Tuesday 4 February 2014

Ontario Farms Under Attack

Since I began writing about Frank Meyers’ ongoing battle with the Canadian military to save his farm from armed invasion and seizure by the government, and in interacting with supporters of the 85-year-old Ontario farmer, issues of food and farm freedom have come onto my radar and interested me in a way they hadn’t before.

Ontario raw milk crusader Michael Schmidt
My interest in the Frank Meyers case was mostly due to what I see as an outright assault by the government on the right of all Canadians to own property – property of any sort; not just farms, homes or land. In interacting with Frank’s supporters I learned that many were drawn to support Frank’s cause due to an affinity for family-run farms, concerns about food security, genetically modified organisms and the like.

As a result, I have recently become acquainted with the cases of two other Ontario farmers who have come under assault by the state for engaging in peaceful and voluntary farming practices deemed inappropriate by legislators and bureaucrats.

Michael Schmidt, a Durham Ontario dairy farmer, has been providing families with raw milk since 1991. Schmidt has been at the forefront of the raw milk crusade in Canada, and has been at war with the Ontario government for many years. His cow share co-op provides fresh, raw milk to 150 families (over 600 people) in Ontario.

Despite the fact that his cow share scheme does not violate Ontario’s current raw milk laws, as co-op members own a portion of his cows and are not buying the milk from Schmidt, and members have not reported a single case of illness from the milk, his farm has been raided multiple times by government agencies, equipment stolen and product destroyed.

Schmidt has been convicted and fined on raw milk offences and seen those convictions overturned, only to have courts reverse the decision once more. Tomorrow, February 5, 2014, Michael Schmidt, represented by the Canadian Constitution Foundation, will appear before the Court of Appeal of Ontario in a final appeal of his convictions.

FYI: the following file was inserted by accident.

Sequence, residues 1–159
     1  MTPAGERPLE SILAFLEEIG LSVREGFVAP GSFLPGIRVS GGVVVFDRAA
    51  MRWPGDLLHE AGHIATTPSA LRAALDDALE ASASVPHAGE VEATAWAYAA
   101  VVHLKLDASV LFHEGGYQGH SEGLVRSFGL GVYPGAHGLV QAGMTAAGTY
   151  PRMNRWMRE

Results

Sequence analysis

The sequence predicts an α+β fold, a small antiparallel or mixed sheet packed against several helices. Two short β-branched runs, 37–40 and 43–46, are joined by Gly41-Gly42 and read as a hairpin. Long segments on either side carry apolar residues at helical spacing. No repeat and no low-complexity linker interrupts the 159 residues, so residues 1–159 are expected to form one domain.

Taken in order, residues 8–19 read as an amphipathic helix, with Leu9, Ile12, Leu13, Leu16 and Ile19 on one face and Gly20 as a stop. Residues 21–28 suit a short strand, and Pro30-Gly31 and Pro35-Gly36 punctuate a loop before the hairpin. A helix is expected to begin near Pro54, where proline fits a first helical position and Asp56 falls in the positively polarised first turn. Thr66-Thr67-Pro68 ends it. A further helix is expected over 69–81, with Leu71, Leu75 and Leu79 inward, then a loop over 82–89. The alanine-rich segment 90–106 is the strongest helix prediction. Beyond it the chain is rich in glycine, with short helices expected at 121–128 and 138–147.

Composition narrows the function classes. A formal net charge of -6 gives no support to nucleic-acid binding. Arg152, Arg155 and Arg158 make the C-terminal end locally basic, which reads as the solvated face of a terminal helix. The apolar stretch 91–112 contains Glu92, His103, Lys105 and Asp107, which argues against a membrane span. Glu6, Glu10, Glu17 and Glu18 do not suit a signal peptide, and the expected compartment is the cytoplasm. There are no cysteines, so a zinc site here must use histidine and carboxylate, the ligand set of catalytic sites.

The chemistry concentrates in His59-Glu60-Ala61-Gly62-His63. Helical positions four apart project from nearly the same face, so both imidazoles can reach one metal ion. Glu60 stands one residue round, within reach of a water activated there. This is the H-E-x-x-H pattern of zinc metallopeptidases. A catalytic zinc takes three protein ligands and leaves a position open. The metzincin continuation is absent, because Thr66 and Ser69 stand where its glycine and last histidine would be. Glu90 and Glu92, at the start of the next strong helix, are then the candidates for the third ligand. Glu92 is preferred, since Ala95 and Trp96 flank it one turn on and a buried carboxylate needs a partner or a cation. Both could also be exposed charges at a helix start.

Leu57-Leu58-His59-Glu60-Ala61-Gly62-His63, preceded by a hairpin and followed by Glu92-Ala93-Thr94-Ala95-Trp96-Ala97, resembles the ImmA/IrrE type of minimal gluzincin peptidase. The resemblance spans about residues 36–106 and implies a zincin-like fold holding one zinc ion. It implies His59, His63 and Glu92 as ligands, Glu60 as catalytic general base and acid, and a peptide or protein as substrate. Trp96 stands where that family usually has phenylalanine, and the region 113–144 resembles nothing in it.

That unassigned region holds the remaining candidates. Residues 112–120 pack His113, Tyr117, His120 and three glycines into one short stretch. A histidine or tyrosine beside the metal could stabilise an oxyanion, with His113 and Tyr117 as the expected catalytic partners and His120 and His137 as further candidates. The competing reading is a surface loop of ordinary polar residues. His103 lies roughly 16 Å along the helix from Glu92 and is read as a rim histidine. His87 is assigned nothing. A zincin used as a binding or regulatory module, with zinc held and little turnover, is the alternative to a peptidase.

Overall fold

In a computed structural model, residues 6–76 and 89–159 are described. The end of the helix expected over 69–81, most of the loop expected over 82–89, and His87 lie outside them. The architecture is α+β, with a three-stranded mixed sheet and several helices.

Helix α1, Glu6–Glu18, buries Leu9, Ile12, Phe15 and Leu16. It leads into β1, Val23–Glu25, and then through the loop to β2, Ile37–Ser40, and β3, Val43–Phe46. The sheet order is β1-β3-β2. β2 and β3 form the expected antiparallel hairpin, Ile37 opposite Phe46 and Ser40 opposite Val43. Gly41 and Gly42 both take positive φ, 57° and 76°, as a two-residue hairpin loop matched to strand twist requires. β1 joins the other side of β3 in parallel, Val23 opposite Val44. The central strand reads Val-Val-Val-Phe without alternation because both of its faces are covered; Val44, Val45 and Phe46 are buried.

Montana Jones says a tearful goodbye to one of her sheep as
armed police look on.
Photo credit - ShropshireSheep.org

Sadly, Michael Schmidt is not the only Ontario farmer to be subjected to farm raids and property theft and destruction by government agencies. Shepherdess Montana Jones, who raised rare Shropshire sheep, began her battle with the Canadian Food Inspection Agency (CFIA) after a sheep she sold in 2007 to a farm in Alberta, tested positive for scrapie.

Scrapie is a disease that affects sheep, but is not transmittable to humans. In 2011, the CFIA ordered a quarantine of Jones’ sheep and tested them for scrapie. Despite the fact that not one of Jones' sheep tested positive for scrapie, the CFIA, citing that the test is only 88% accurate, announced that it would proceed with the euthanasia of the entire flock.

It is alleged, at this point, that Jones, in conspiracy with raw milk farmer Michael Schmidt, had the flock removed from her farm, in order to evade capture and euthanasia of the sheep by the CFIA. The sheep were later discovered on a farm south of Owen Sound Ontario and subsequently euthanized.

I cannot claim to be knowledgeable about the health implications of drinking raw milk, or the genetics of Shropshire sheep, so I will leave those issues to more qualified parties. What I do see in these cases, are individuals who peacefully and voluntarily interacted with their customers to provide a product or service. As a result of their peaceful and consensual activity, they were subjected to threats, and ultimately, raids on their property by agents of the government.

If every man has a right to life, and to not have that right infringed upon by others, then by extension, does he not have the right to sustain his life (i.e. feed himself) according to his own will? Even if, as the government claims, raw milk is dangerous to the health of those who consume it, does not a right to one’s own life, like any right, also imply the ability to dispose of that right in any manner one sees fit?

1 comment: